In 2016, at the request of the Commission on Disability Rights and with the help of Lawyerist.com, ABA TECHSHOW surveyed over 120 vendors participating in TECHSHOW about accessibility. Specifically, the survey asked vendors whether their products or services were independently usable by persons with disabilities, including those who are blind or have visual impairments and use screen readers; deaf, hard of hearing; or who have mobility impairments and use voice command software. Among the 79 respondents, only eight indicated that their products or services were accessible to individuals with disabilities.
The next year, TECHSHOW organized a free workshop during the conference to help legal tech companies and law firms learn the social, technical, financial, and legal benefits from making websites and digital products usable and accessible. Called “Even Though Justice is Blind, Could She Use Your Website,” the workshop assembled experts from Equip for Equality, My Blind Spot, and Usablenet.com to offer advice on all areas of digital accessibility and inclusion. The workshop drew little interest, suggesting—as did the survey—that many legal tech vendors have yet to make accessibility a priority.
The same cannot be said about Clio, one of legal tech’s leading companies. The creator of the first widely used, cloud-based legal practice management software, Clio is actively embracing digital accessibility and inclusion. At the 2017 Clio Cloud Conference, Clio showcased the importance of driving innovation by celebrating our differences, a message delivered through one of the conference’s keynote speakers, Haben Girma—a disability rights and global inclusion leader, along with being the first deaf-blind person to graduate from Harvard Law School.
She enthralled the audience with her wit and wisdom, leaving them—after a rousing, standing ovation—with several insights that support the passage of Resolution 116C. Said Haben, “it’s better to be different and stand out. Own the ways you are different and celebrate them.” She noted that people with disabilities have created technologies, and technologies were created for individuals with disabilities, that have benefited everyone—like the typewriter, the internet, and visual languages. Finally, she is convinced that “disability is never the barrier; the barriers are society and the obstacles that people create.” She would love “a future where all websites, all apps, all services were accessible to everyone.”
Realizing this future is the goal of a group of students at Chase College of Law at Northern Kentucky University. Led by Marchesa Peters, a recent Chase graduate with a condition that may someday leave her blind, Chase students are launching a web campaign to promote digital accessibility and inclusion, called Accessible LIFE (limitless innovation for everyone). Ms. Peters approached the Commission on Disability Rights to move forward with Resolution 116C. The Accessible LIFE Campaign, launched in conjunction with Resolution 116C, will encourage law firms and legal tech providers to commit to adopting the most widely accepted digital accessibility standards for websites and mobile technologies—the Web Content Accessibility Guidelines (WCAG 2.1) from the World Wide Web Consortium.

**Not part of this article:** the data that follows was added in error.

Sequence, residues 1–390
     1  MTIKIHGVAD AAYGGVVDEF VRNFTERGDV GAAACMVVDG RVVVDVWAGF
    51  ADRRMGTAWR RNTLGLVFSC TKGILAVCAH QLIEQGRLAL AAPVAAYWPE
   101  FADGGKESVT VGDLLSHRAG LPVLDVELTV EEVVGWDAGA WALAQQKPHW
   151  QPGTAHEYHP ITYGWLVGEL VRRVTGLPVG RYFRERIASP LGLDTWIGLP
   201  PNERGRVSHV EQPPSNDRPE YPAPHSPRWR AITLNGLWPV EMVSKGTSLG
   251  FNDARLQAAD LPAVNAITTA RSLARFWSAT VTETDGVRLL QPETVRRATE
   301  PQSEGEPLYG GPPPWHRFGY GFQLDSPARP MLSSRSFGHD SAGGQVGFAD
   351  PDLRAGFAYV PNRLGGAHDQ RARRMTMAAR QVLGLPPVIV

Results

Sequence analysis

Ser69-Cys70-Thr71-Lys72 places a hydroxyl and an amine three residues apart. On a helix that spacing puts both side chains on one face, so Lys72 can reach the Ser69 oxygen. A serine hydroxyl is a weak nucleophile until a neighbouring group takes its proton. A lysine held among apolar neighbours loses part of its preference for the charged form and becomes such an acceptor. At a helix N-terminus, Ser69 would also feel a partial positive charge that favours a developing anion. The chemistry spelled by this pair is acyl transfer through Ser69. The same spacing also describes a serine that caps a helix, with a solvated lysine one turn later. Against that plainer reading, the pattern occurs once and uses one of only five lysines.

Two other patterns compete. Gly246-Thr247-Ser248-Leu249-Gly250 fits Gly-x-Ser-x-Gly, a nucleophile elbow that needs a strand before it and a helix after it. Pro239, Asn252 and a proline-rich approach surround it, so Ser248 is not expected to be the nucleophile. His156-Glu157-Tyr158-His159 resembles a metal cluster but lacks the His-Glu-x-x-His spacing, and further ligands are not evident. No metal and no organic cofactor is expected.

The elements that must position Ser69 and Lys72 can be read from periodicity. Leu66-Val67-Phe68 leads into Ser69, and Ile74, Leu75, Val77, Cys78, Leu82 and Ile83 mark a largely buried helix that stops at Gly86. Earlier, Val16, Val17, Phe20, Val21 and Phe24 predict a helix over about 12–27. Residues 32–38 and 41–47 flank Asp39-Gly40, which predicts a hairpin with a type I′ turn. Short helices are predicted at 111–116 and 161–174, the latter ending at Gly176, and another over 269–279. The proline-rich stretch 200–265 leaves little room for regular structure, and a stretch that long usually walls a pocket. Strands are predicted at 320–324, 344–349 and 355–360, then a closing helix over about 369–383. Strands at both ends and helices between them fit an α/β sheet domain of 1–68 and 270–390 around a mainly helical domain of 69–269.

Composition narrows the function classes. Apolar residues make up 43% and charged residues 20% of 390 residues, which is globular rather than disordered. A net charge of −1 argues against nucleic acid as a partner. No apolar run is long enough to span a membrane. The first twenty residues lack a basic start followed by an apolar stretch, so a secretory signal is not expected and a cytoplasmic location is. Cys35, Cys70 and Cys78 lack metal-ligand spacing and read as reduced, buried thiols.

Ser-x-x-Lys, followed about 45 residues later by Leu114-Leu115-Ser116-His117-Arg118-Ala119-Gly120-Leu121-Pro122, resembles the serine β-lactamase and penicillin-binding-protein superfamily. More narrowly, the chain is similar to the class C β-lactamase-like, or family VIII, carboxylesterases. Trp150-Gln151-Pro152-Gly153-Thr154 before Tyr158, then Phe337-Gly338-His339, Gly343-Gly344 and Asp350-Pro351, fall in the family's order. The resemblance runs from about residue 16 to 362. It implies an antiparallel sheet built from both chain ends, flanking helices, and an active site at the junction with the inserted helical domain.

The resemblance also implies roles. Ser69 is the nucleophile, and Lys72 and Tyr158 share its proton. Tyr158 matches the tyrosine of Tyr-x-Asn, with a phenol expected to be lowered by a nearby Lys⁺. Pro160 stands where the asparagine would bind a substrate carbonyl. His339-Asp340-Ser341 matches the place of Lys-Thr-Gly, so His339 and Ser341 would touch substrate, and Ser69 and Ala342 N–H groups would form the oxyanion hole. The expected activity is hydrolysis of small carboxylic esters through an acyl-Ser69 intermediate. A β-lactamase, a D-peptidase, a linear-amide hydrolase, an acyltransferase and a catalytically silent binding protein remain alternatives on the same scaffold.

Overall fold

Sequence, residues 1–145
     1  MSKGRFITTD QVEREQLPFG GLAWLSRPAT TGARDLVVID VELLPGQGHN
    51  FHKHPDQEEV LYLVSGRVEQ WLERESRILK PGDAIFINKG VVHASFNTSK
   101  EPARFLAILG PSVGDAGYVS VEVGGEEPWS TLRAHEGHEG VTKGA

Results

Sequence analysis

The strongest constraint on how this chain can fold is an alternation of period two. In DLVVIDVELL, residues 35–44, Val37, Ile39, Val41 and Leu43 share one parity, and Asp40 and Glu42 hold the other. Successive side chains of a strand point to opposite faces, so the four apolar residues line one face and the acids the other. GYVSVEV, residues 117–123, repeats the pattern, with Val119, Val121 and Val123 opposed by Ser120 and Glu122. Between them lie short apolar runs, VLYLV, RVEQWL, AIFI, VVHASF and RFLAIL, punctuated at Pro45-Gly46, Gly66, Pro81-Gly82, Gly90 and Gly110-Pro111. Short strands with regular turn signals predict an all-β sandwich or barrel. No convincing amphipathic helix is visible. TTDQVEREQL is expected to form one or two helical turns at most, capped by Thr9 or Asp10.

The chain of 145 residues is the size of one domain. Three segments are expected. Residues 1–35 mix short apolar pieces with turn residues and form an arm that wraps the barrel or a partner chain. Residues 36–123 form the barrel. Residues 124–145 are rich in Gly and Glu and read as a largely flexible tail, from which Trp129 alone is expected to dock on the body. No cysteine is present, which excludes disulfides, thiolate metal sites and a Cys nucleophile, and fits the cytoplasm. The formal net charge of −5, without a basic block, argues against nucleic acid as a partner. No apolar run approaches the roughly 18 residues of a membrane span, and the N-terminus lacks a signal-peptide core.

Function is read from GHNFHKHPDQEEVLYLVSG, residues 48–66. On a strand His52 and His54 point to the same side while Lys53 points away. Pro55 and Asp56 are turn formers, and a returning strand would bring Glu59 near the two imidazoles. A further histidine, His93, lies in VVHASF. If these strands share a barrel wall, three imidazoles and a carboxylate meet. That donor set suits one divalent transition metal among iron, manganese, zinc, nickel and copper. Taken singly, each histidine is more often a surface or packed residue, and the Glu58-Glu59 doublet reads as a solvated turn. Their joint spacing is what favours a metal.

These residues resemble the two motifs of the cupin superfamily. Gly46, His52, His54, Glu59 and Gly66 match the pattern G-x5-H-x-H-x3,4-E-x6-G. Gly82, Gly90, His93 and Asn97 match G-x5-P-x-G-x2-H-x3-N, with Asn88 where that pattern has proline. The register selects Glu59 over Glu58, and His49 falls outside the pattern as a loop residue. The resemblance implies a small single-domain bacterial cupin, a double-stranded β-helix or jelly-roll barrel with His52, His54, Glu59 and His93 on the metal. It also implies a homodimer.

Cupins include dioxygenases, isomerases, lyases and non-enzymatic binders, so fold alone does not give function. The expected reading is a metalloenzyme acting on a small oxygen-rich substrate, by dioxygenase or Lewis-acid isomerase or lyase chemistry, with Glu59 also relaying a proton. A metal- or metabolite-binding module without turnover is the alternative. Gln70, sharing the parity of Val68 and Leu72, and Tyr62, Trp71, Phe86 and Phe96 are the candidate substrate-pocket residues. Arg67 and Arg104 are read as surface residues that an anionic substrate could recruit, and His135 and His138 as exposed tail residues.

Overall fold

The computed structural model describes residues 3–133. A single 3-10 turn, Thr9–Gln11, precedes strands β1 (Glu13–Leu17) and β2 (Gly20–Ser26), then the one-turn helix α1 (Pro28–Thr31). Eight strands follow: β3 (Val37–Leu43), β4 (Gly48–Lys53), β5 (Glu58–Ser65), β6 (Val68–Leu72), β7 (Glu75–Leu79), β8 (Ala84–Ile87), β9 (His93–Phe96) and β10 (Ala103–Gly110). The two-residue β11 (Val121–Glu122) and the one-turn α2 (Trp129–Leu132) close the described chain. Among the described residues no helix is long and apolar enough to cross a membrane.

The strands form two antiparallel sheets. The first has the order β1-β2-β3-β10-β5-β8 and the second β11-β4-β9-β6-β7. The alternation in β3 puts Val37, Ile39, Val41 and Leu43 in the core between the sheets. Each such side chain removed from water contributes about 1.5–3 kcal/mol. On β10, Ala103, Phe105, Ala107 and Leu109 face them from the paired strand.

Resolution 116C likewise urges that all technology relating to the provision of legal services be accessible, primarily—as the supporting report explains—through compliance with WCAG 2.1. At its October 2018 Clio Cloud Conference, Clio plans to host a developer’s track that includes content on compliance with the accessibility guidelines. Over 90 legal-related apps can be connected to Clio’s platform through its robust application programming interface (API). Clio will be encouraging its API partners to build accessibility into their products early in the development process.
Passage of Resolution 116C is not an end in itself, but rather a means to an end. Its higher purpose is digital equality—innovation accessible to everyone—which requires a supportive interpretative of the ADA and a commitment from lawyers and the technology companies that serve them. Because achieving accessibility often comes at a cost, especially where websites and products are inaccessible when developed, Resolution 116C may meet some resistance. But just as the real world must be open and accessible to everyone, so, too, should the digital world.
About the Author
Robert Furnier is the director of the W. Bruce Lunsford Academy for Law, Business + Technology and the Small Business & Nonprofit Clinic at Northern Kentucky University’s Chase College of Law, and is the chair of the Law Practice Division’s Diversity and Inclusion Committee.